Confined to their homes due to the California stay-at-home order, many of the seniors channeled their more immediate environments as sources of inspiration. Spending more time at home, the little things around senior Hannah Joe’s house became “more meaningful than ever,” which inspired her AP Portfolio theme of “nostalgia.”

“As I get closer to going across the country for college and moving away from the people, places and routines I’ve known my whole life, I’ve felt myself gravitating towards creating more nostalgic and personal work,” Joe’s website said. “For my senior show, I decided to shoot a handful of moments from my day-to-day life that I know I will soon be missing, as a way to honor the little things I’ve come to appreciate so much more now that I’ll be heading off into a new adventure.”

While Joe recounts a positive experience, senior Bey Weston has felt “discontent” with her work this past year and an overall lack of closure from the senior art program.

“It’s definitely been very interesting to see myself grow across the past couple years because I know there has been improvement, but with the overall situation, especially for the last semester, I wasn’t as happy with what I created as I could have been,” Weston said. “I felt like given more time or more motivation I could have done something a lot better, but it did give me a chance to look further into how I animate different things. That little wax animation was only one of the three major ones that I’ve made this year, but it was the one that I thought I would portray my emotions and my viewpoints the best.”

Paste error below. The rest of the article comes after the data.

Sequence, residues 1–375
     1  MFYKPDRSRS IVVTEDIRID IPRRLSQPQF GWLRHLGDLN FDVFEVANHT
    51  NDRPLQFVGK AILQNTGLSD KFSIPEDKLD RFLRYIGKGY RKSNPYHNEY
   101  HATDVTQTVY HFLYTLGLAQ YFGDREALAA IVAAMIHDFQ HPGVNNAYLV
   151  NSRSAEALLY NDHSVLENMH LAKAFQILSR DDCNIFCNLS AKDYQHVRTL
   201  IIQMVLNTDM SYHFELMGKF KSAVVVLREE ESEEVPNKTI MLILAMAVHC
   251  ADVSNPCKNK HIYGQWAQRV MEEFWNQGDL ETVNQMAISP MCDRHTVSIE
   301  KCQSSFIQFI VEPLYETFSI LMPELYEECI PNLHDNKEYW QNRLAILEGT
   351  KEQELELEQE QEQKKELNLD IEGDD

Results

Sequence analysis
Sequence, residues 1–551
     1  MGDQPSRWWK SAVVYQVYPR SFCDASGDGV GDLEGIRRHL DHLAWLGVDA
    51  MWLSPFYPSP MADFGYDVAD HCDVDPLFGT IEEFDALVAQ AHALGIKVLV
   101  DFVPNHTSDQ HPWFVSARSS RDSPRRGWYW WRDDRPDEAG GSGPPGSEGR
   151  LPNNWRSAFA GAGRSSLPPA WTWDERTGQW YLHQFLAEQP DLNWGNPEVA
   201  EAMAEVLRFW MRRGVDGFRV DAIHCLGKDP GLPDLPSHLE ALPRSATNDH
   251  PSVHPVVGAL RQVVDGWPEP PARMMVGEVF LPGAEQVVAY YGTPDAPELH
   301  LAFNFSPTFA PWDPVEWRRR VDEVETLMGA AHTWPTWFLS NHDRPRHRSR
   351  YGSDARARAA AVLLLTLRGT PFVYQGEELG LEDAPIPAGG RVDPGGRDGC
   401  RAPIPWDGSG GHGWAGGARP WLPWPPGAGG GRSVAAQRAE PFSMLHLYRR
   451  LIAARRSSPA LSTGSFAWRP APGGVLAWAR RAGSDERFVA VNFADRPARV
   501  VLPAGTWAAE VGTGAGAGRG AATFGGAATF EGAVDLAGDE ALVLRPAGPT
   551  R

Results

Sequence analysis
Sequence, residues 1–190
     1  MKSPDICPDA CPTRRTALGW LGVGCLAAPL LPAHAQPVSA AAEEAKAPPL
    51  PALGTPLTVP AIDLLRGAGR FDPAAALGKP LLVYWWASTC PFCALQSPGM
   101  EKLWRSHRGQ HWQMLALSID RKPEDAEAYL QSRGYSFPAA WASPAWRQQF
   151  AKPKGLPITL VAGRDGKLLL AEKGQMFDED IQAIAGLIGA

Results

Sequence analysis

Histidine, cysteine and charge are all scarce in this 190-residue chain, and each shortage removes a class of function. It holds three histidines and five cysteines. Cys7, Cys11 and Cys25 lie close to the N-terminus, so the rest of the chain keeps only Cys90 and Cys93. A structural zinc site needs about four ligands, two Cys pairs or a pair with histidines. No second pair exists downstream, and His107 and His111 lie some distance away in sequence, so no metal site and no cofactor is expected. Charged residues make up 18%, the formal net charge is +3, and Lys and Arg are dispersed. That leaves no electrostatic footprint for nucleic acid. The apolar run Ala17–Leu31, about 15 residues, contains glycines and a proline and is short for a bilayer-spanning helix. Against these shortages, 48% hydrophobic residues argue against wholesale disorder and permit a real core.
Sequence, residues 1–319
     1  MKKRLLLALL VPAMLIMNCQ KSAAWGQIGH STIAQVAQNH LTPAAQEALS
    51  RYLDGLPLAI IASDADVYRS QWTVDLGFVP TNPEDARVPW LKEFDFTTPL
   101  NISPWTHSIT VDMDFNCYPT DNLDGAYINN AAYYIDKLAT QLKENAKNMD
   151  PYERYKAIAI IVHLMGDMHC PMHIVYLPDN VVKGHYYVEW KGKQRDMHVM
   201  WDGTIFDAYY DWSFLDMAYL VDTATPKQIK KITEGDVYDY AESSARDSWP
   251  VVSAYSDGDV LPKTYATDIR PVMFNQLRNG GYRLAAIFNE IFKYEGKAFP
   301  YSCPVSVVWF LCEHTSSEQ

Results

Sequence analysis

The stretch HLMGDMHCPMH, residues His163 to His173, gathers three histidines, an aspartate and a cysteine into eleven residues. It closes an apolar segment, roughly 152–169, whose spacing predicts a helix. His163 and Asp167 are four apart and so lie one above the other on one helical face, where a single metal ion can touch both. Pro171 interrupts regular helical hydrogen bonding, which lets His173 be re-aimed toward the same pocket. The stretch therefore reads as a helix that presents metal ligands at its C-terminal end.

Above is the singular piece highlighted on Weston’s website. The caption to this piece states: “Honestly, I don’t think I can mentally handle putting in all the official works that I’ve done for this year onto this website. I genuinely tried and I was filled with discontent. Instead, I’ll give you this video that I made about feeling burnt out. About feeling like my head was on fire with the absolute storm that consumed my life in the latter half of my senior year and my inability to take a moment for myself.”

The majority of the senior artists have been in the arts program since the beginning of high school and have developed an emotional attachment to their teachers and mentors, who have nurtured each of their creative journeys.

“Mr. Attie is the perfect combination of do whatever you want with life, but then pushes you to dig deeper, he was the person who helped me curate my first installation in ninth grade. Ms. Alford is somehow always around the door just peeking in, which I love,” senior artist Kaeli McLeod said. “Ms Janssen — where did it begin that woman. She’s so in touch with her sensitive side which is great for a sensitive artist like myself. She’s super encouraging, but she also has amazing technical skills and has a great eye for problem solving in general when it comes to conceptual pieces.”

The art department expressed a similar sentiment, as they too have been with the seniors from as young as 13 years old. There are currently 22 seniors graduating from the arts department.

“The arts teachers at Archer always talk about how we have such a wonderful job in the sense that we get to see you all from eighth grade usually till your senior year,” Alford said. “We see your growth as an artist from eighth grade until you’re a senior and you’re graduating and you’ve developed this incredible voice and you know how to speak it through your work and form it in sculpture or photo — it’s such a privilege.”